Tuesday, May 26, 2009

Hizbollah tries to secure IMF funds by Roula Khalaf and Anna Fifield

Lebanon’s Hizbollah has held talks with the International Monetary Fund and the European Union as it seeks to secure continued financial support for Lebanon if the alliance it leads was to win next month’s parliamentary elections.

The discussions between the Shia militant group and donors take place amid intensifying concern in Beirut that a politically fragile, heavily indebted economy could come under severe strain if the current pro-western parliamentary majority was to lose the June 7 elections.

The Beirut government has benefited from the international support of Gulf states and western governments as it has sought to curb the powers of Hizbollah. Saudi Arabia in particular has been a backer of the government.

A victory by Hizbollah and its allies would be seen as a boost to Syria and Iran, the group’s backers. It could lead the US and other supporters of the current parliamentary majority to reconsider economic support for Lebanon. Washington considers Hizbollah a terrorist organisation but the group is seen by much of the Arab world as a resistance movement against Israel.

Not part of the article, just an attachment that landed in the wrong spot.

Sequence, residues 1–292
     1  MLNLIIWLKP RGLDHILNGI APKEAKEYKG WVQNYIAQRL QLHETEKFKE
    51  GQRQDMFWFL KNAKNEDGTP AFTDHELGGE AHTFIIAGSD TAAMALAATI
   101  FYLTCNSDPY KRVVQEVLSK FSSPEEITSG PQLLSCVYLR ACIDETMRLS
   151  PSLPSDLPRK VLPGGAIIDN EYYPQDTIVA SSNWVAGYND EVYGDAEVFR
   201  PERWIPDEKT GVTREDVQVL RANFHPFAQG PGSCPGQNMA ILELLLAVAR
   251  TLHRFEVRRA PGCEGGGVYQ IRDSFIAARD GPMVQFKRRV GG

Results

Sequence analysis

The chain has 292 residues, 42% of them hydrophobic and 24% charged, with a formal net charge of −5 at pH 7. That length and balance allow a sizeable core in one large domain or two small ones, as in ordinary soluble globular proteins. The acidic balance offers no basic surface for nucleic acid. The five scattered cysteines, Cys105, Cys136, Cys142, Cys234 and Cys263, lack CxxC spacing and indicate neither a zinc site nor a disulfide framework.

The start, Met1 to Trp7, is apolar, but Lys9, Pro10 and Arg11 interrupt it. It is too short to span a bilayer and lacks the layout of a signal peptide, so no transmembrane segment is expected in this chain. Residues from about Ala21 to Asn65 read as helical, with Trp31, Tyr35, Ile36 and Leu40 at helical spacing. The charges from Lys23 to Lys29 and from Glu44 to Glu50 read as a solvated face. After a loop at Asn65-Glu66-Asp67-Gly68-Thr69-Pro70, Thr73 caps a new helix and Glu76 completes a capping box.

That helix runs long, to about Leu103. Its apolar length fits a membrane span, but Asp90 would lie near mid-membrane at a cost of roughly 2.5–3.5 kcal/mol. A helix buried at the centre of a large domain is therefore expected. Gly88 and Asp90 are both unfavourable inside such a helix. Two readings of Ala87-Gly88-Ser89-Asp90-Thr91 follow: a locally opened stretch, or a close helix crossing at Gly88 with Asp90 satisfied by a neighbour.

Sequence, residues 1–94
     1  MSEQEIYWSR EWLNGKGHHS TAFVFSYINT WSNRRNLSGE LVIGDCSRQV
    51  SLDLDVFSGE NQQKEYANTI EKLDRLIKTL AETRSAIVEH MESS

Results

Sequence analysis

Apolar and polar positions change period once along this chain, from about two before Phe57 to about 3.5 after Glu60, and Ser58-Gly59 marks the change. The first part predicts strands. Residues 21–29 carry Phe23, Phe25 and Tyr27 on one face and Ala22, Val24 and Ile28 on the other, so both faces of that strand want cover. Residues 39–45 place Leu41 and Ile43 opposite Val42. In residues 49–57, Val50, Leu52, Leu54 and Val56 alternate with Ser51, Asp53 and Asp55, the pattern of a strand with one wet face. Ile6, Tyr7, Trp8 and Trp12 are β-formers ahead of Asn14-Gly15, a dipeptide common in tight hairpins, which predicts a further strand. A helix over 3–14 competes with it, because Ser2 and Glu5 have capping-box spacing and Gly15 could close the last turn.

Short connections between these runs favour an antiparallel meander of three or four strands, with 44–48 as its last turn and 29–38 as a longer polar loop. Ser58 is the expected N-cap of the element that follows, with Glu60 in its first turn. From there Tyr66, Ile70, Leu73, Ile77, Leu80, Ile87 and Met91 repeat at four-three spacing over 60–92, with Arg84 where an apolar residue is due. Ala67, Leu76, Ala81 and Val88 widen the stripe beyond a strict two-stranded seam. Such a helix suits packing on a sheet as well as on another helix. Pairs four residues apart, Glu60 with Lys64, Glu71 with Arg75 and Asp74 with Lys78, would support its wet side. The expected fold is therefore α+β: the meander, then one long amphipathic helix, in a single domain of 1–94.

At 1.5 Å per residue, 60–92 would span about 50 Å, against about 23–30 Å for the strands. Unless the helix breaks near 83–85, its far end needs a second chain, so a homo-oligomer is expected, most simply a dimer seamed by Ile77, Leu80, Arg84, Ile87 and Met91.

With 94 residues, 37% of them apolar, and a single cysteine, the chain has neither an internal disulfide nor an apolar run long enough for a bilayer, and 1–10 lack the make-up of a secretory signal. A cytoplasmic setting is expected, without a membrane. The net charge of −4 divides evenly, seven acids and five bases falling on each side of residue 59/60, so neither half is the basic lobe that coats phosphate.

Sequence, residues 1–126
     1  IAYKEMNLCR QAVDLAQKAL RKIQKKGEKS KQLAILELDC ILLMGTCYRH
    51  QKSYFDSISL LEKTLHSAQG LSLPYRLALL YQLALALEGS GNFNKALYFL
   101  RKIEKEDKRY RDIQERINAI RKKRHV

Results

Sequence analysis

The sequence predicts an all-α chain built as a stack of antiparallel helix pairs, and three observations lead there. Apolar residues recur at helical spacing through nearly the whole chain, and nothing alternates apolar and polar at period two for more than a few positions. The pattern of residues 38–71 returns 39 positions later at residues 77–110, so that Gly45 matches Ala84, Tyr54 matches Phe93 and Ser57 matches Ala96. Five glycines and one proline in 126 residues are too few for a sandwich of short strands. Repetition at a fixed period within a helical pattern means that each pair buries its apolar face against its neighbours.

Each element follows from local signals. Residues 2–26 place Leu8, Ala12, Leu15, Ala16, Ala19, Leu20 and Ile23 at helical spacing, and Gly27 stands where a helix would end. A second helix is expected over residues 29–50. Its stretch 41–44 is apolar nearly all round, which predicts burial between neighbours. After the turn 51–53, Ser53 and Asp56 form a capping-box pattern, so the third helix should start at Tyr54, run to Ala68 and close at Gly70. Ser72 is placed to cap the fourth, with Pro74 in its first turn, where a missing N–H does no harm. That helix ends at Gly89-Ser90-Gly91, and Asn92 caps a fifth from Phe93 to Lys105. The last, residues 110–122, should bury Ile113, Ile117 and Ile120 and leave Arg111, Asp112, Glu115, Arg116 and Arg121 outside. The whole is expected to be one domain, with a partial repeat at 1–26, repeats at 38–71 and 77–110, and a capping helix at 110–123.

The pro-western coalition that dominates the government says it is confident it can maintain its parliamentary majority. But the race is tight, and a group of independents could decide which side is to form the next government.

Ali Fayad, a Hizbollah candidate who also heads the party’s think-tank, warned against punishing Lebanon economically if elections favoured the opposition.

He told the Financial Times his party was nonetheless considering the economic risks and discussing such prospects with the EU and the IMF.

The EU says it makes no distinction between Hizbollah and other parties in Lebanon, and will work with any democratically elected government. The EU has been providing about €60m ($84m) a year to Lebanon.

The IMF, with an assistance programme of $114m, also says it has met Hizbollah parliamentarians and officials from its economic think-tank as part of its normal work in Lebanon. But its financial assistance ends soon and another programme will depend on a decision by the fund’s executive board.

Washington has yet to make up its mind about Lebanon in the event of an opposition victory. But in recent weeks it has stressed the pivotal role played by Michel Suleiman, the Lebanese president, who belongs to neither camp.

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